Western Traveler

Hardcore Camping

I’ve had so much fun learning about Bushcrafting as of late I thought I’d add a new camping category to Western-Traveler.  This will not be normal camping though, but “Hardcore”.  I watched a guy go camping in the middle of winter where it got down to -36° below zero and he spent the night in the woods without so much as a wool blanket.  To say I was impressed is a massive understatement.  But, he made it work.  He did carry in: an axe, a bush pot, a good knife, a Ferro rod and food, that’s it.

I think the one thing he did that made this work was his careful selection of the campsite; in this case a huge downed tree.  He ended up using the root ball as the rear wall of his shelter and collected a ton of downed limbs and peeled off bark from huge trees to make his wind break.  Prior to putting on any of the wooden pieces he took time to kick all the snow off the area where he was going to be sleeping, exposing raw dirt.  His shelter was approximately 5 feet tall and about 7 feet long with about a 4 foot width (all estimates). 

After setting up the wall system he then collected a large amount of downed twigs and spruce boughs to make his bed with.  It was over a foot thick, effectively getting him off the ground where he wouldn’t lose body heat to the ground.  By no stretch of the imagination would this have been comfortable by any normal standards, but it’s not about comfort, but maintaining body temperature.

Once his shelter was set up he got a fire going using his Ferro rod.  He had peeled off some birch bark and used that for his fire-starter.  Prior to igniting the fire he’d collected a large amount of firewood to keep it going once started.

Once his fire was up and running he scooped up some snow and placed it into his bush pot; setting it by the fire to melt for water.  He put some spruce sprigs into the pot to make some tea.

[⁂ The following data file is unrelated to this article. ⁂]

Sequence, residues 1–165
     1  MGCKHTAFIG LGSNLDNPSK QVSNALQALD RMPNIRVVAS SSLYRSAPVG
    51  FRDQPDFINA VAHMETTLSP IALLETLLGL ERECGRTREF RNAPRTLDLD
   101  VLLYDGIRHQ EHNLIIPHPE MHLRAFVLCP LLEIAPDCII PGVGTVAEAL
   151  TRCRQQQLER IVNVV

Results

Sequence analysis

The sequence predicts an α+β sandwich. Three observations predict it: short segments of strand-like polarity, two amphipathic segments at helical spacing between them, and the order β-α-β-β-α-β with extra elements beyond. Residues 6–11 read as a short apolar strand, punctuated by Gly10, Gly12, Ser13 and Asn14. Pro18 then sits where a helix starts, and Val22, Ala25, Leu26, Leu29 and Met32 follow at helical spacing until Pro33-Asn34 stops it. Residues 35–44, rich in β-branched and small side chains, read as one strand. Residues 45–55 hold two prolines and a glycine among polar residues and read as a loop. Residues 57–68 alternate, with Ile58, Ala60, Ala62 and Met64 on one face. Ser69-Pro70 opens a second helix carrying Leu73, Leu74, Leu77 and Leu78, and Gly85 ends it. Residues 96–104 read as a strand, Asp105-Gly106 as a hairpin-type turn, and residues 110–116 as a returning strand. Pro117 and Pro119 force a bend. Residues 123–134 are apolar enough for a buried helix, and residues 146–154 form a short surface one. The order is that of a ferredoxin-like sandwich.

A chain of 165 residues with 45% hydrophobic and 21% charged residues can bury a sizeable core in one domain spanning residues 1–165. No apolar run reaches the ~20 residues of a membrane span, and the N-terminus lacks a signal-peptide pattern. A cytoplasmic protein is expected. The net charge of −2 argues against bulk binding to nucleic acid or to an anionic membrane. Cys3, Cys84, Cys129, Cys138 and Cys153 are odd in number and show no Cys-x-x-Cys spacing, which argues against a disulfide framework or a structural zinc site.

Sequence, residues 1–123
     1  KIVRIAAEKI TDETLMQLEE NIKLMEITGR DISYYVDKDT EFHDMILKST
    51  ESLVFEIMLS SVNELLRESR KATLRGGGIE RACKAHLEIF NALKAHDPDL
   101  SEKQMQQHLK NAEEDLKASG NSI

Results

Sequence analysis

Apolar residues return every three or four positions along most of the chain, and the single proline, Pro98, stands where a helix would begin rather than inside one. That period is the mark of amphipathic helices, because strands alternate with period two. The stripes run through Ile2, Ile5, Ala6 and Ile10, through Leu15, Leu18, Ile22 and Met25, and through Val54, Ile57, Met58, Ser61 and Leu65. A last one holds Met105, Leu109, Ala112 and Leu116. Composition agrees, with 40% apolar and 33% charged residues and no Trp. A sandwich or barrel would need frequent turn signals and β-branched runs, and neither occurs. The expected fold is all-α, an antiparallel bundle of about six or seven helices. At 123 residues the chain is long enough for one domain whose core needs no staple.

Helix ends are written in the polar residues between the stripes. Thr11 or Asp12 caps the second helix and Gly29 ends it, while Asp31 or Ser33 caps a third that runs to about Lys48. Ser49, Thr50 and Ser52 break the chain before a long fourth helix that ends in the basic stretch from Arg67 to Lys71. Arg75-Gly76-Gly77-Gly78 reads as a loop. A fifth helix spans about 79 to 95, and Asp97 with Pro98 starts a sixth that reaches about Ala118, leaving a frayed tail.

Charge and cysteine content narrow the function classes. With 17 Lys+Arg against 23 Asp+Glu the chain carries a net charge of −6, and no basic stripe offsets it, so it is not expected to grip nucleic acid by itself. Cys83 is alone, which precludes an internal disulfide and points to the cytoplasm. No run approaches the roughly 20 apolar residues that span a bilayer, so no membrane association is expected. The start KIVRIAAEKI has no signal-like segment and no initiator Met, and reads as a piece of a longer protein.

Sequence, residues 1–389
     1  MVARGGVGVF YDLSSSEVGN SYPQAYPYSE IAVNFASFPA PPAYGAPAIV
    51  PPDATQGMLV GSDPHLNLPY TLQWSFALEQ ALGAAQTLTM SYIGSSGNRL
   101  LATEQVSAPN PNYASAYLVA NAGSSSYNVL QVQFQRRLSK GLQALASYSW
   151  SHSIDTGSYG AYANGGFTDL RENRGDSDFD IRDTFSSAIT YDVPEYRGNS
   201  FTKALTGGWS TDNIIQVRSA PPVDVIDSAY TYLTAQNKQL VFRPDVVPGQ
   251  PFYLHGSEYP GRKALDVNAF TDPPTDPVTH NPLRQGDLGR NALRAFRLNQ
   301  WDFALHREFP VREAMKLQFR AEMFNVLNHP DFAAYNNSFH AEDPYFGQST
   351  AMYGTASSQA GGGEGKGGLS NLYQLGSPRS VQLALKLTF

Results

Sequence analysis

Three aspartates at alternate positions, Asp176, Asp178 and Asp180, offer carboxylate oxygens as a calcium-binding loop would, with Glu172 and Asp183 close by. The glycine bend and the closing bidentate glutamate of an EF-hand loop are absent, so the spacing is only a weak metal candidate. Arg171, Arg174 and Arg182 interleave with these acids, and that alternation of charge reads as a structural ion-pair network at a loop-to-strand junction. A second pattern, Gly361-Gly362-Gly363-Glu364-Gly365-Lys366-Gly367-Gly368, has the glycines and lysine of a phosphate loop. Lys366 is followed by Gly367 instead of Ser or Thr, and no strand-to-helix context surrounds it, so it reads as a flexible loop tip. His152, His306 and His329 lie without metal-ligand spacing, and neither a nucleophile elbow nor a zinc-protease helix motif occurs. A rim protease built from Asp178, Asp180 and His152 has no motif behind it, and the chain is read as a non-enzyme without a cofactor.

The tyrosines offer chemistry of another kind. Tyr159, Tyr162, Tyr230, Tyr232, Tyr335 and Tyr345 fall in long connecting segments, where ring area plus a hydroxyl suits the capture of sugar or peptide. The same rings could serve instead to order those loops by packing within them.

While the tea steeped he collected even more firewood, enough to maintain a larger fire through the night.  Once that was done he sat by the fire and enjoyed his tea, along with the homemade jerky and hardtack he’d brought with him.

In all respects he did an outstanding job.  Had it been me however, I would have added two items to my pack; some #36 bank line and a wool blanket (just to make it nicer).  Clearly he didn’t have to have either one, though he did lament not bringing in his blanket.

The reason for the bank line is because it would have allowed me to construct a reflecting wall next to the fire.  Half the heat that is produced by the fire is lost to the open air, but a wall reflects some of that back toward your shelter if properly positioned.  To me, the extra half-pound of bank line (more than enough) would have been a good weight investment.  The photo below shows a fire wall that was constructed without bank line, so this may not be the best example, but on most fire walls the line is used to pull the tops of the vertical pieces together for strength.  Otherwise, I would have set up camp exactly the way he did, and in the same order he did.

This kind of camping is not for the “faint of heart” but for those who want to “push the envelope” on their survival skills.  The cool part about this is that you don’t really have to have a lot of specialized skills, the only one being the fire-starting.  Anybody who has practiced with wood processing and the use of a Ferro rod can do it.  I’ll admit that it’s a lot harder than striking a match or using a BIC lighter, but it is really rewarding when you achieve ignition.  I actually practice a lot processing wood, figuring out what works best and how to up my odds of success.  Same thing goes for using the Ferro rod.  The rest of setting up camp is just thinking about what your needs are; shelter, water and heat and making it happen.

If you’re really wanting to know your skill level, this is the way to do it.  It’s not for everybody, but if you’re an adventurer and really love being out in Nature, you might find this the perfect exercise to test yourself.

Last modified on: August 31st 2023.
© Western-Traveler.Org • All rights reserved • 2004 - 2020